# Testing a chess engine

About a week ago I decided to try and write a chess engine. I’ve encountered bitboards before, and I really liked working with them. Most references I found had to do with chess engines, so I decided to have a go.

The single most important and time consuming aspect of building a chess engine is legal move generation. In all situations, be able to generate all legal moves that can be made on the board. At first this seems pretty straight forward, all pieces can move and attack in certain ways. But when you get to specific rules like castling and en-passant things get really tricky.

But how do you know for sure your engine works and gets the right results? The many chess engine developers around the world found a great solution for this problem. Something I can only describe as universal integration-tests! They call it “perft” (from performance test). The first thing they do it create a particulair situation on the chess board. This can be described like in FEN notation.
For example:

All chess engines use this small language and understand how to set up their internal board. The next step is to generate all possible moves. From the example FEN above all possible moves are just 20 moves. But why stop here? From these 20 moves calculate all legal moves the opponent can make (also 20) which results in 400 moves. Continue doing this and you’ll end up with a table like this:

 Depth Nodes Captures E.p. Castles Promotions Checks Checkmates 1 20 0 0 0 0 0 0 2 400 0 0 0 0 0 0 3 8902 34 0 0 0 12 0 4 197281 1576 0 0 0 469 8 5 4865609 82719 258 0 0 27351 347 6 119060324 2812008 5248 0 0 809099 10828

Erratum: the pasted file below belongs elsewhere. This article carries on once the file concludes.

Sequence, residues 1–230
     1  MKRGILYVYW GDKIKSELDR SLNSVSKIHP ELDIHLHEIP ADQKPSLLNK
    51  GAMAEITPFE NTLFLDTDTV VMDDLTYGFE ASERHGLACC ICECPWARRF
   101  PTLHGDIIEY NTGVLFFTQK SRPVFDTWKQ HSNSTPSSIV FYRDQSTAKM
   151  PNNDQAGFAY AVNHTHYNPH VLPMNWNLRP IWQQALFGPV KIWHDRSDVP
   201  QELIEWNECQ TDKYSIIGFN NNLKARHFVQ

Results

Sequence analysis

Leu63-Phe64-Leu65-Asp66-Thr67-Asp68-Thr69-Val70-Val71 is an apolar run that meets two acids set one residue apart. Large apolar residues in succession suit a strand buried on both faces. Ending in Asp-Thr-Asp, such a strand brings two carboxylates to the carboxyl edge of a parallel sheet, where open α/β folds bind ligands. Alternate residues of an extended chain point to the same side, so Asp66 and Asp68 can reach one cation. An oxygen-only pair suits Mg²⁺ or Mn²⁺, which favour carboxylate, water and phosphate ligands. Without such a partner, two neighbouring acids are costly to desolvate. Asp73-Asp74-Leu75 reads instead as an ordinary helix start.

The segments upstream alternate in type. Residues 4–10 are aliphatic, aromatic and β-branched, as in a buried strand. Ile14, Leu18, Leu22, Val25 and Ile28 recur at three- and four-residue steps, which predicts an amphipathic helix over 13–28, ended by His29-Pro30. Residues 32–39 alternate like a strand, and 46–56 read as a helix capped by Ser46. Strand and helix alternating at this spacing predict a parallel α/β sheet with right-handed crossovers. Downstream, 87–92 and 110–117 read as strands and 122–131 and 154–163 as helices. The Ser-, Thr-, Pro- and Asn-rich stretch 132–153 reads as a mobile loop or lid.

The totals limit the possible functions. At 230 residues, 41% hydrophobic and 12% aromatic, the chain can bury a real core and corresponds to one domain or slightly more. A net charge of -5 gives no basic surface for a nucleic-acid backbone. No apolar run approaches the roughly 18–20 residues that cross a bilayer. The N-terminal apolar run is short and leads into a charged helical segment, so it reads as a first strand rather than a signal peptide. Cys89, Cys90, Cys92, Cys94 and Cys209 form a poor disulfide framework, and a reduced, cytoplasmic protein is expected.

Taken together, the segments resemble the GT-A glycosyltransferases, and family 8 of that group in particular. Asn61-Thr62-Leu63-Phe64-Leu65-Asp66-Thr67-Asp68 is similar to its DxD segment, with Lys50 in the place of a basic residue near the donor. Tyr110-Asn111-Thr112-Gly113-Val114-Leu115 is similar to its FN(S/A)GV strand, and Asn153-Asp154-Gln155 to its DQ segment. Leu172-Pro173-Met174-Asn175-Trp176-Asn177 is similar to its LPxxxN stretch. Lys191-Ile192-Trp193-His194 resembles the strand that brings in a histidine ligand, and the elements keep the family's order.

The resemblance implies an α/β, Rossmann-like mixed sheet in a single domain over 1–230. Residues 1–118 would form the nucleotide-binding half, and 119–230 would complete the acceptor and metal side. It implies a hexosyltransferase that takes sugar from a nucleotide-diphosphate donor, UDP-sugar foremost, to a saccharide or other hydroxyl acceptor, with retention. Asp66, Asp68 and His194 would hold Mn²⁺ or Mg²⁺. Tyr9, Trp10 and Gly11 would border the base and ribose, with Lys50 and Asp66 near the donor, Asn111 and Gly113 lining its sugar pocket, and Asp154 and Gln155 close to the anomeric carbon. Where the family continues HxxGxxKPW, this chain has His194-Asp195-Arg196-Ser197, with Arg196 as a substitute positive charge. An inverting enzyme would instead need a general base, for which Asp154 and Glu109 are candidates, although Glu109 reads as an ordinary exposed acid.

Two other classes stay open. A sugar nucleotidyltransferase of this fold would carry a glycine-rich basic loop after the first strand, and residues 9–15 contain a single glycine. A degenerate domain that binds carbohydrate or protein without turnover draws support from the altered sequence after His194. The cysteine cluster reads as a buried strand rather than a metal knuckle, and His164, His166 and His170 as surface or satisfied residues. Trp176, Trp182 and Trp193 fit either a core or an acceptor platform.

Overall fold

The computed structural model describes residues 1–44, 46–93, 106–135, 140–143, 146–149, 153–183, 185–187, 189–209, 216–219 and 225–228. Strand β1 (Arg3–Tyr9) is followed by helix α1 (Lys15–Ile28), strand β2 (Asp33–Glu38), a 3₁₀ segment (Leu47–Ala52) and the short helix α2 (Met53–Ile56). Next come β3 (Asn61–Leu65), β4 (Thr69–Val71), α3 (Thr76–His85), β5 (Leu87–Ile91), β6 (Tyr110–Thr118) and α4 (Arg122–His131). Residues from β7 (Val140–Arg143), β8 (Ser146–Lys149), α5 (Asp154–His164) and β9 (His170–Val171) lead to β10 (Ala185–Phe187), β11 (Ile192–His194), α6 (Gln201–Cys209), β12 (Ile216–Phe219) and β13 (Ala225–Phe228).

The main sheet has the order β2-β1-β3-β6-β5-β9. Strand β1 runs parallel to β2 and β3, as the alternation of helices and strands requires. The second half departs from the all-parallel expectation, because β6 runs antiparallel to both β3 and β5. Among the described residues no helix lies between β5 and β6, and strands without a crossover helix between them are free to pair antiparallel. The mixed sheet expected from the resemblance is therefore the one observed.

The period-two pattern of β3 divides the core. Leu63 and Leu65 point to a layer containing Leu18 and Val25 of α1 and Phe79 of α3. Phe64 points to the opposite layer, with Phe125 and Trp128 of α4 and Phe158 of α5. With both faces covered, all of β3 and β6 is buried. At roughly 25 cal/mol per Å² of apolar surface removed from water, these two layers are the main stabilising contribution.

As you can see, the numbers in these tables quickly become huge. This will ensure that a lot of situations are tested. Using these tables you can check if your program outputs the same values, and thus complies to all the rules. There are a lot of these tables online, using a FEN for starting position, and a table with all nodes that can be generated.

The next problem is, when your numbers don’t add up, how do you find the move 6 levels deep that goes wrong? Well, some engines can help you with that. Personally I used ROCE (Roman’s Own Chess Engine). His engine has a “divide” function. First you set the board in a certain position using the FEN, and then you call the divide function, for example “divide 6”. Now it shows a table like this:

This lists each node at level 1, and after that each number of nodes it results in at depth 6. If you also have this function in your own chess engine you can compare the numbers. Now you can pinpoint which of the first nodes contains the error. Do this move and try divide 5. This will guide you all the way to the specific move that is (or isn’t) created! This was a huge help, and I love the way chess engine developers devised a way to have a kind of universal integration-tests which will point out the most commonly made bugs. You can take these tables, load them in a automatic test and keep running them every nights to see if things are still working like it should.

How did my engine end up? Well, it worked perfect in the sense that it could generate all the good legal moves. Then I added a simple evaluation function and it could play chess. After that I implemented a simple search algorithm (alpha-beta using negamax) and it could beat two simple other chess engines and myself. And of course, after a week, I lost interest again and writing a blogpost about it is usually the nail to the coffin of most of my projects.

So, what should I tackle next? I’m looking forward to having a new AZsPCs competition, but I think this might take a while…

Update: A couple of readers have pointed out that these tests are obviously not unit tests, but rather integration or acceptance tests. You are completely right. I’ve called them Unit tests because I used JUnit and they run in the automatic build. But they do test integration..!